By Dennis Abrams | @DennisAbrams2
‘A Dynamic Sense of Style’At the Japan Times Yuraki Tanaka reminds us that between the years 1964 and 1992, Korean-born Japanese artist Kouga Hirano was solely in charge of the design of all book covers for Shobunsha, something Tanaka says is an unusual position for just one graphics artist to hold at a publishing company.
And an exhibition of the artist’s work recently opened in Kyoto. Tanaka writes, “His designs…brought a new look and dynamic sense of style to publications, resulting in contracts with other publishers and an astonishing 7,000 titles sporting his illustrations.”
Also on view are some 80 works printed on Japanese washi paper, including, handwritten letters and, the gallery’s information says, “works recently seen on exhibition in Taiwan this past spring, along with many of Hirano’s theater and concert posters.” There also are theatrical flyers “retouched by Hirano himself, some even with added notes.”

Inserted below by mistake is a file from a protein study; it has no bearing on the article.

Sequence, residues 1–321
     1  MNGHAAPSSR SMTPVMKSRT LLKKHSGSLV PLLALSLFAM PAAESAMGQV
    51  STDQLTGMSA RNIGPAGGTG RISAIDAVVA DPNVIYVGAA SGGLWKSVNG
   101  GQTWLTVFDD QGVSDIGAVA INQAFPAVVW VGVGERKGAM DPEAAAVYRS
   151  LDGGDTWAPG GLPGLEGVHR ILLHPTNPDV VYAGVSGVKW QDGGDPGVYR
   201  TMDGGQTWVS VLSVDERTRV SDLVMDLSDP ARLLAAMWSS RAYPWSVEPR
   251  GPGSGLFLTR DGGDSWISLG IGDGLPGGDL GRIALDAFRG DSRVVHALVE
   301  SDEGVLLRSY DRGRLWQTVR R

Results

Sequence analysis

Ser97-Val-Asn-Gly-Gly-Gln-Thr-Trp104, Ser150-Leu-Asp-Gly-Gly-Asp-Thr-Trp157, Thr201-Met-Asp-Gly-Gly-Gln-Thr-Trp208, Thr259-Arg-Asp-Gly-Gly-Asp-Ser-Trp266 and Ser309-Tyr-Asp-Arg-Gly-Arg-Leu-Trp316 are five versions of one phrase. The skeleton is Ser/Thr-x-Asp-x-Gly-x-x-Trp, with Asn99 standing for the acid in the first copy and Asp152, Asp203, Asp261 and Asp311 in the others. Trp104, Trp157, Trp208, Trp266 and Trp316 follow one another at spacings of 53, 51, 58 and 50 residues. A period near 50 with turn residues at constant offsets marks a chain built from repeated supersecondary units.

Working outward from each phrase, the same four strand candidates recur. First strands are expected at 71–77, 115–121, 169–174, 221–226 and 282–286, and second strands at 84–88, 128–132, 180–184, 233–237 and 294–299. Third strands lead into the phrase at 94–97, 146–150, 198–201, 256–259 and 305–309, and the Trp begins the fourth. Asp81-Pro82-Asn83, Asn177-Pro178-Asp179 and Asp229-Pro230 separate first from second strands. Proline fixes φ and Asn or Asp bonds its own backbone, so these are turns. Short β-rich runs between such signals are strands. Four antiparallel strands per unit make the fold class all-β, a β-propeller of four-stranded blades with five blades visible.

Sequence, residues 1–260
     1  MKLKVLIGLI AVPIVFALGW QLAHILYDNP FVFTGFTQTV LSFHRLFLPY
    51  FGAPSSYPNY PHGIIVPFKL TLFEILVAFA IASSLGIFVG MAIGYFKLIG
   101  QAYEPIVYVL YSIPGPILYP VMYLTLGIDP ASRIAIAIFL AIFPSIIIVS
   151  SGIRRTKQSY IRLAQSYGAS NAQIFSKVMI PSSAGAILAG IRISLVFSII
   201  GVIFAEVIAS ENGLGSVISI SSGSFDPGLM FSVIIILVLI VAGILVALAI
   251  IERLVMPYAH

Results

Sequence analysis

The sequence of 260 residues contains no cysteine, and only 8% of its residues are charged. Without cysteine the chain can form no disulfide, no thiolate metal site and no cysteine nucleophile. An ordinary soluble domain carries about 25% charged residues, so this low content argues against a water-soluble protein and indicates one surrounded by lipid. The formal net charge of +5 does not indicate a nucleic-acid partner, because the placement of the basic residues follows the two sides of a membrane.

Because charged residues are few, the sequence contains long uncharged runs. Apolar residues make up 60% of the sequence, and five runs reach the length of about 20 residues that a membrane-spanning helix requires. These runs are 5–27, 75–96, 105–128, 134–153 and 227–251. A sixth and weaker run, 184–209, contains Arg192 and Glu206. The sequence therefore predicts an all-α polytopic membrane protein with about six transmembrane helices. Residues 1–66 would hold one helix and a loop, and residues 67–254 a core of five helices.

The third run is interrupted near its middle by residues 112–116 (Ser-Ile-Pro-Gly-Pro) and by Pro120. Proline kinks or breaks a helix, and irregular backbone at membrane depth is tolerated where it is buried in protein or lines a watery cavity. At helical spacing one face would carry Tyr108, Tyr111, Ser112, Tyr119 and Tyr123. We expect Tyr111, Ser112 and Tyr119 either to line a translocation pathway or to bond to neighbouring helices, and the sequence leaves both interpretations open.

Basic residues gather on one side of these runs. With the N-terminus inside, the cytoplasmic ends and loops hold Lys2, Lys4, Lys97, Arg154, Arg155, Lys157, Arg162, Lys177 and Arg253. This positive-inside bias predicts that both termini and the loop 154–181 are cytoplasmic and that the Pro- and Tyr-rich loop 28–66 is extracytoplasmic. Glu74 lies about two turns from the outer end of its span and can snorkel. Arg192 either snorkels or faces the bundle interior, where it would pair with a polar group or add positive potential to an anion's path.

Shobunsha, as a publisher, is described by gallery literature as “the standard-bearer of the counterculture days.” Hirano’s work, the gallery staff writes, “blew a breath of fresh air through the publishing establishment.”
Those who see the show will be able to pick up the books that bear Hirano’s covers, in order “to see and feel the close bond between books, publishing, cover designers, and the times,” according to gallery notes.
Born in 1938 in what now is Seoul, Hirano began gaining traction in his career with his 1957 win of an award from Japan’s Advertising Artists Club for his work on Leap Before You Look by Kenzaburo Oe. For years, Hirano was art director with Wonderland magazine, opened a small performance space, Theatre Iwato, in 2005, and in 2014 movred to Shodo Island in the Kagawa Prefecture.